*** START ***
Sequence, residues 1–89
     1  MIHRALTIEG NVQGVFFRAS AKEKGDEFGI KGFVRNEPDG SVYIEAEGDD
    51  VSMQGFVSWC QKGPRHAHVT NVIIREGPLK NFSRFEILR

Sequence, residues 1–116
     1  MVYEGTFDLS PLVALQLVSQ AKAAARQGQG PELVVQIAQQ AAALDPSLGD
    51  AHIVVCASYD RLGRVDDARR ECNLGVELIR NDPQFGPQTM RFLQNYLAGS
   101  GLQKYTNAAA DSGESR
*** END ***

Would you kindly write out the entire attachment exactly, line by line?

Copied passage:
Sequence, residues 1–89
     1  MIHRALTIEG NVQGVFFRAS AKEKGDEFGI KGFVRNEPDG SVYIEAEGDD
    51  VSMQGFVSWC QKGPRHAHVT NVIIREGPLK NFSRFEILR

Sequence, residues 1–116
     1  MVYEGTFDLS PLVALQLVSQ AKAAARQGQG PELVVQIAQQ AAALDPSLGD
    51  AHIVVCASYD RLGRVDDARR ECNLGVELIR NDPQFGPQTM RFLQNYLAGS
   101  GLQKYTNAAA DSGESR